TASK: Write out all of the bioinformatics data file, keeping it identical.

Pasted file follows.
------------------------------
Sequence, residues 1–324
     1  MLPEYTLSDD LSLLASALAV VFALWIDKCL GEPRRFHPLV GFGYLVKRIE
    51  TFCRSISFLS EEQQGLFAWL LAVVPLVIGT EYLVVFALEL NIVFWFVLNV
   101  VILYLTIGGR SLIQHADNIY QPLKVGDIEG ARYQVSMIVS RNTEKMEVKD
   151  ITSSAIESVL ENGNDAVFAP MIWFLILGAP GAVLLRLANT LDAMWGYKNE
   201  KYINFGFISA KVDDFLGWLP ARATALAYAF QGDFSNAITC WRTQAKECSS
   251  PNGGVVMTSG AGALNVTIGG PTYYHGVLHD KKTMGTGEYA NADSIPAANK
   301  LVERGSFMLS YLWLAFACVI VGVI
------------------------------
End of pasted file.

Sequence, residues 1–324
     1  MLPEYTLSDD LSLLASALAV VFALWIDKCL GEPRRFHPLV GFGYLVKRIE
    51  TFCRSISFLS EEQQGLFAWL LAVVPLVIGT EYLVVFALEL NIVFWFVLNV
   101  VILYLTIGGR SLIQHADNIY QPLKVGDIEG ARYQVSMIVS RNTEKMEVKD
   151  ITSSAIESVL ENGNDAVFAP MIWFLILGAP GAVLLRLANT LDAMWGYKNE
   201  KYINFGFISA KVDDFLGWLP ARATALAYAF QGDFSNAITC WRTQAKECSS
   251  PNGGVVMTSG AGALNVTIGG PTYYHGVLHD KKTMGTGEYA NADSIPAANK
   301  LVERGSFMLS YLWLAFACVI VGVI